WI Public Information Campaign to Teach Folks about Elections
Tuesday, July 26, 2022
In the next few months, the Wisconsin Elections Commission will roll out a new public information campaign aimed at teaching voters more about how elections work.
Among other goals, the initiative will show people how to register to vote, how elections are secured, how to become a poll worker and what happens at polling places on election days.
Riley Vetterkind, public information officer for the Commission, told commissioners last week the project is in response to a "steady influx of questions and concerns about the elections process."
"A lot of the questions that we've received have been based in misunderstandings about the fundamentals of how elections work," Vetterkind explained. "In order to address this, we wanted to come up with a project that would help educate the public in a fun and engaging way."
Misinformation has spread like wildfire in recent years, including by former President Donald Trump during and after the November 2020 election. Citing such misinformation, several prominent Wisconsin Republican lawmakers, including the chair of the state Assembly's Election Committee, have called for "decertifying" the election results, which experts say is impossible.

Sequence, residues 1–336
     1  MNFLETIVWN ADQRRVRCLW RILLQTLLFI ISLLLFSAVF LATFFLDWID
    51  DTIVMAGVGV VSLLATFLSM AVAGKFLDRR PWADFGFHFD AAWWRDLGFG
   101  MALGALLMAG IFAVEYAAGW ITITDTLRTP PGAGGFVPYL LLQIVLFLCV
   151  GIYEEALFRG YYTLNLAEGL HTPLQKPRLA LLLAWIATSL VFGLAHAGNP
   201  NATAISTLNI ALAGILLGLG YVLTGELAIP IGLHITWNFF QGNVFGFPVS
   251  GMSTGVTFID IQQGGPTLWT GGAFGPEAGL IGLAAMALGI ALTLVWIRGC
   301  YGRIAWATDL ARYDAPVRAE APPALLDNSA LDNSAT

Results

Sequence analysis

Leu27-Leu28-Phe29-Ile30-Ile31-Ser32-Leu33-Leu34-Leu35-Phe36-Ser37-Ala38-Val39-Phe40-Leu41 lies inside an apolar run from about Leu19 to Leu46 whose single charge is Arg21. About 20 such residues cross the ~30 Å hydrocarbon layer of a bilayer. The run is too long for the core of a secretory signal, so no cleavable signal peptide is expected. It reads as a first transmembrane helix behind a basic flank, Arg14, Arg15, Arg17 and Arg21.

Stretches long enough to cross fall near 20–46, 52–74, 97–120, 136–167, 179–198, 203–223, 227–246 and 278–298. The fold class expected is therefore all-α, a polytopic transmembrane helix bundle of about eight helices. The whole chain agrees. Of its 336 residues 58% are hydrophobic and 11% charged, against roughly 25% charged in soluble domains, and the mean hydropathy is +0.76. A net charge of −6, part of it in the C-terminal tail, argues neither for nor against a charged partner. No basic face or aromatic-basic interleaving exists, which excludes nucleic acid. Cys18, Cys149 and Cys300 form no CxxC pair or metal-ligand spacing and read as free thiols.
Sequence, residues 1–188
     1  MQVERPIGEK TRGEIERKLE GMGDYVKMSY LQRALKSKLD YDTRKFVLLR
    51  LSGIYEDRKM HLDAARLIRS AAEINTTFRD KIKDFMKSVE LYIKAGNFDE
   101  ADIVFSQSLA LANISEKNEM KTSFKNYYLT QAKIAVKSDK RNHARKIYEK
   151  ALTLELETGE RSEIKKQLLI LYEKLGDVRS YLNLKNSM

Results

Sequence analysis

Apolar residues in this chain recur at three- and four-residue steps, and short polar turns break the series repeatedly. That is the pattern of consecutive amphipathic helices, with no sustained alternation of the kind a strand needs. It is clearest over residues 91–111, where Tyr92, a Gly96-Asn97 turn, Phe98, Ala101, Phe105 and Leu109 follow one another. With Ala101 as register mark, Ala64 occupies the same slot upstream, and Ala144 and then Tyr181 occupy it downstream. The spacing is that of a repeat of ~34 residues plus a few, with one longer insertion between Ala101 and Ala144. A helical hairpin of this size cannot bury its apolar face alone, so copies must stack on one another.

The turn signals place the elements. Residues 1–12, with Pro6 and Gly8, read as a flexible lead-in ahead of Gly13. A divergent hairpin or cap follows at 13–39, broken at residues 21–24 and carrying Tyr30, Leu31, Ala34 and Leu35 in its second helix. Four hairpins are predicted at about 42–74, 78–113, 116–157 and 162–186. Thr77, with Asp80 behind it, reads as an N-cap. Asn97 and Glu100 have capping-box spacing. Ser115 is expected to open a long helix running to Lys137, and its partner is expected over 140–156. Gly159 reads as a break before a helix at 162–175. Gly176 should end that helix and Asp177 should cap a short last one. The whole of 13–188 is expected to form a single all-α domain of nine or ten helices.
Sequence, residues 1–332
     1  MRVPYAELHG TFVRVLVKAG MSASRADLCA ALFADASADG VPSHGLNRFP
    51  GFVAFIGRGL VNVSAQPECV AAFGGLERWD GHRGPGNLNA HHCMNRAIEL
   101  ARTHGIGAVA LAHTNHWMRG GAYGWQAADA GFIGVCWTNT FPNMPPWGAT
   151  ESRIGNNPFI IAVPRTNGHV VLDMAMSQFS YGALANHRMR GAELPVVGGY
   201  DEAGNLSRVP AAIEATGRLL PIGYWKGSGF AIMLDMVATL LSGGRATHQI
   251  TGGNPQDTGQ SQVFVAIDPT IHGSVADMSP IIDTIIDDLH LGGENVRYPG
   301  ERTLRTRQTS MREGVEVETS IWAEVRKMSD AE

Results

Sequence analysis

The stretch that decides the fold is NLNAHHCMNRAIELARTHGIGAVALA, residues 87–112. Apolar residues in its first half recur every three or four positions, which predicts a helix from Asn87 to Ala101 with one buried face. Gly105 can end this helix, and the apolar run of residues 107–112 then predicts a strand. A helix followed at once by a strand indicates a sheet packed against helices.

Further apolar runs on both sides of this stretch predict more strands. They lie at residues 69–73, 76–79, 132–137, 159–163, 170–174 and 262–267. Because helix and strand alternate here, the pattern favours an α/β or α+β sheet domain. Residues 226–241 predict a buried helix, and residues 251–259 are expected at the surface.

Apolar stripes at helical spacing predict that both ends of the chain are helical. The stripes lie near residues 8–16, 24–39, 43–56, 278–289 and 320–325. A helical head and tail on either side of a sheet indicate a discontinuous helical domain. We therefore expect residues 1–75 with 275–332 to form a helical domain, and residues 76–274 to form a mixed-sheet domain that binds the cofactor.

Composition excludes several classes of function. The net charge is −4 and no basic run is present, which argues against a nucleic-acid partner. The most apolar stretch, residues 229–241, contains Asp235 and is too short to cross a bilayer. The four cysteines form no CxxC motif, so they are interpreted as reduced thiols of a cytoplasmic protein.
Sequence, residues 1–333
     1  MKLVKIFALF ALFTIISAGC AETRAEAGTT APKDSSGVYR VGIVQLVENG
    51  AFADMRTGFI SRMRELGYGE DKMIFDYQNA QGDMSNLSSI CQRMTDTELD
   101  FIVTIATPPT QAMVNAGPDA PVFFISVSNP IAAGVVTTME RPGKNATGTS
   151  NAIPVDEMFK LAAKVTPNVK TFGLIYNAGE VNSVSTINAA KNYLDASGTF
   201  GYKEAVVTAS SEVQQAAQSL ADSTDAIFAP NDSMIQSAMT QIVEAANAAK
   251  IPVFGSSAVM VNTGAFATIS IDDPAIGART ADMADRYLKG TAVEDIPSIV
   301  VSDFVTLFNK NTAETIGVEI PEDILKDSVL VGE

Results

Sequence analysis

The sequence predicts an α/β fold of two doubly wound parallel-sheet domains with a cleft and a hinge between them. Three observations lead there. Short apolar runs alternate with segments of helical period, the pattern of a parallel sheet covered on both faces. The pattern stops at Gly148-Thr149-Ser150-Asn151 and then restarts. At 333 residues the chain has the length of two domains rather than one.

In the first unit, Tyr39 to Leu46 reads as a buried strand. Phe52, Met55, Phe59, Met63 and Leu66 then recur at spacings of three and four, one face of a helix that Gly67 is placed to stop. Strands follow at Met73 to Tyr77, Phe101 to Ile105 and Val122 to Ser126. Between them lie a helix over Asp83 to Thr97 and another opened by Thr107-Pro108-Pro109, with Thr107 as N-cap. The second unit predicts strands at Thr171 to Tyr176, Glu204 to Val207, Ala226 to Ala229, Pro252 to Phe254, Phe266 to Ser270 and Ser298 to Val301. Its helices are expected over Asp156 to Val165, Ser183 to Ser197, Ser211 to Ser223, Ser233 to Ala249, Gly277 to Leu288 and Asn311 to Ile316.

Vetterkind noted the first prong of the campaign aims to reach high school students through social studies and civics classes, with the second half aimed at adults through print and broadcast public service announcements. Vetterkind added the initiative is strictly nonpartisan, and not a "get out the vote" campaign.
"To the extent that it talks about voter registration, it's simply in a mechanical way," Vetterkind emphasized. "It's just one important part of the election process. I just can't emphasize enough that this is not meant to be a voter registration campaign in any way."
Wisconsin's partisan primary election is August 9, and the General Election is Nov. 8. While the deadline to register online for the primary has passed, residents can still register to vote at their clerk's office until August 5 at 5 p.m., or they can register in-person on Election Day.
Support for this reporting was provided by The Carnegie Corporation of New York.
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